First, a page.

11. Partron22 macrumors 68000

    Partron22

    Joined:
    Apr 13, 2011
    Location:
    Yes
    #11
    Just buy a 500 GB SSD for about $160, and a USB3 caddy ($20) to hold it.
    Run your system off that, and partition your slow internal for pix, music movies and TM backup.
    MUCH faster that way, without having to pay the Apple premium for a Frankenstein fusion device.
     
  12. garethjparr, Oct 29, 2016
    Last edited: Oct 30, 2016

    garethjparr thread starter macrumors newbie

    Joined:
    Oct 13, 2016
    #12
    Thanks everyone, I think!

    I'm so borderline. The tech geek in me hears what you are saying, but the accountant says this is going to be on 24/7, sit there doing nothing 95% of the time. Spend Max 4% of the time serving iTunes data and 1% of the time syncing iTunes to iPhones and other, light duty tasks. For that, finance wise, the fusion or ssd upgrades, whilst what the geek in me would do, just seem a price step too far.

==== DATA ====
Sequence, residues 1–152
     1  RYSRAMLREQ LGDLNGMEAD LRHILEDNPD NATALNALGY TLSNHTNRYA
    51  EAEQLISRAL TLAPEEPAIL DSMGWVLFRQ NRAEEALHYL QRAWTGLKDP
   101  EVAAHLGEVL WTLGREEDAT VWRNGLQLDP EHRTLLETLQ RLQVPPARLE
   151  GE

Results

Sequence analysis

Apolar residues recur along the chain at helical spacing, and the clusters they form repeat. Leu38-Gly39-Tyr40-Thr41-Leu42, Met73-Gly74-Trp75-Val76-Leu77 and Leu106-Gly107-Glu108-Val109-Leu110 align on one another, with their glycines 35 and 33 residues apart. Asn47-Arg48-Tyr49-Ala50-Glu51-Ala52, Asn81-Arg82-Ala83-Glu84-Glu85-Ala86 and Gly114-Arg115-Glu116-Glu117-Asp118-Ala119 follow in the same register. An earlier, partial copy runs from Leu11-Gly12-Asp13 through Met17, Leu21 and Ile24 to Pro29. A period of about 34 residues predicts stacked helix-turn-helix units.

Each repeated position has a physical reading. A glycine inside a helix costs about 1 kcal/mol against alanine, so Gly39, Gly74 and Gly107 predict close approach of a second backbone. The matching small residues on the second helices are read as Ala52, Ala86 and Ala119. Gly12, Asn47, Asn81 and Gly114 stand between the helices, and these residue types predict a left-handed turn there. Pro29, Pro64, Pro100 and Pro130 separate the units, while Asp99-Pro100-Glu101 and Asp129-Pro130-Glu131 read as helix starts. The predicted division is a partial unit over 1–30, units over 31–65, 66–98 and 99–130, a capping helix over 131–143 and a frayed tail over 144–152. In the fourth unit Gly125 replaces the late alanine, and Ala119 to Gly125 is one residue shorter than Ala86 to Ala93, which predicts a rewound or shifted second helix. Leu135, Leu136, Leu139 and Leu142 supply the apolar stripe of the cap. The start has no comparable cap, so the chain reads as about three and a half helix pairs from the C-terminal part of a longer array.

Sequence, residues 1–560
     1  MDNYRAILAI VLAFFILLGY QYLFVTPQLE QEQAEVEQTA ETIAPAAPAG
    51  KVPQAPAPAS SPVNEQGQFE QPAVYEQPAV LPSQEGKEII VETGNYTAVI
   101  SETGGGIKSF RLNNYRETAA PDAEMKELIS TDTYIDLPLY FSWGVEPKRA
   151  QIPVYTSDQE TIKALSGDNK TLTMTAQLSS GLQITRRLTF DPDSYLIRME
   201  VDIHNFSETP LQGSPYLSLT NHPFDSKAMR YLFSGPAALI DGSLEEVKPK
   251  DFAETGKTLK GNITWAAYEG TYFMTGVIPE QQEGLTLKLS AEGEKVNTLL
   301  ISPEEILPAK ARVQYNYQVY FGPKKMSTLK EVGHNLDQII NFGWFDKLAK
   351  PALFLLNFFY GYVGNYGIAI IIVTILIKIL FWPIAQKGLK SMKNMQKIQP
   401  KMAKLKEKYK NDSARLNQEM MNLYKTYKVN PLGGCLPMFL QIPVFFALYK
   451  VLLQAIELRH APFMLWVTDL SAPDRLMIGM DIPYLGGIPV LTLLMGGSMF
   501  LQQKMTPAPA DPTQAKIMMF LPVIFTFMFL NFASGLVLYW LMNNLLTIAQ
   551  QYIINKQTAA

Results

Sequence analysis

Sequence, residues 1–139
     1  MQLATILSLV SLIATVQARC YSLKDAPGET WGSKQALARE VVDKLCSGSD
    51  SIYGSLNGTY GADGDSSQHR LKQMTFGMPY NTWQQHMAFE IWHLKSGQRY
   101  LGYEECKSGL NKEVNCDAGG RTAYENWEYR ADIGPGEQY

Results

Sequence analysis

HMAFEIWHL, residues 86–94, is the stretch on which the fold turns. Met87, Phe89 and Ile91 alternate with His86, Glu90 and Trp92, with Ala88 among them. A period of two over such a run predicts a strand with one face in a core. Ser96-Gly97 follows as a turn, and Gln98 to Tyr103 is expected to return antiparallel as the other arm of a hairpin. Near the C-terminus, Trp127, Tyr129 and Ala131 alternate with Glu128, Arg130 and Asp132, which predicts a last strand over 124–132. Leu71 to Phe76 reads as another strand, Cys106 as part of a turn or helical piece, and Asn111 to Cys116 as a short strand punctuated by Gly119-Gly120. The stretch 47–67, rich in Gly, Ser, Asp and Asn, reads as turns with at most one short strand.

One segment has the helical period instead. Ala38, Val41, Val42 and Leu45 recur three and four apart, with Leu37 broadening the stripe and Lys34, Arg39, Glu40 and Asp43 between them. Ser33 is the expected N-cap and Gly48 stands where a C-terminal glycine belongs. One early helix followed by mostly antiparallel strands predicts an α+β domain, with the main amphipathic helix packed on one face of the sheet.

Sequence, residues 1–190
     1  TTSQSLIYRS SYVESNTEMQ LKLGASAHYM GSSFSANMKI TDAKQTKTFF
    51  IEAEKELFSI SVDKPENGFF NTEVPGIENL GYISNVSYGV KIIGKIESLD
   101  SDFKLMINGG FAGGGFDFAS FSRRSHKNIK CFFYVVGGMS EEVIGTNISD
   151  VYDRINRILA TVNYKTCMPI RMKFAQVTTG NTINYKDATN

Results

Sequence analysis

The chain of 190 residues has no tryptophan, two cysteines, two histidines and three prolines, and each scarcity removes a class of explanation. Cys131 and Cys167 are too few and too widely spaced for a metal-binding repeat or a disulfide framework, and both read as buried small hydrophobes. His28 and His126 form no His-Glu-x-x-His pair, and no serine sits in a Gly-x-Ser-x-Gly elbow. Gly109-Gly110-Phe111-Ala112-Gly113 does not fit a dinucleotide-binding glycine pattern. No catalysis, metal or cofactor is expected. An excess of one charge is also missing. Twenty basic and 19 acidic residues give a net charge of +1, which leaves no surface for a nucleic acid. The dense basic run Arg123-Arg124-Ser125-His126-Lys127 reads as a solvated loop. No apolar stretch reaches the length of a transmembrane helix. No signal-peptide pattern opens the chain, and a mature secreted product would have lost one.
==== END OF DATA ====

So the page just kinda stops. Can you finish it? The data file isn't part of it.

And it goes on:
Still thinking of just building a SFF windows PC instead, but really would like to try mac os...

    So undecided...
     
  13. The_Interloper macrumors newbie

    The_Interloper

    Joined:
    Oct 28, 2016
    #13
    +1 for the external USB caddy. My son has the 8gb current Mini with a Samsung SSD in one of these as the boot drive: https://amzn.com/B00OFJ1UK6

    Runs like a dream and without voiding the warranty. Sadly, this will be the last desktop Mac we'll own in my house. I've already completely migrated to Windows.

    The 5400 drive is a joke, a complete disgrace on a machine of this price in 2016. Couple that with the base 4Gb RAM and you're in for a miserable experience. Apple intentionally gimped the 2014 Minis and it's abundantly clear the negative direction they're heading in with regard to Macs overall. Sad to see.
     
  14. ixxx69 macrumors 6502a

    Joined: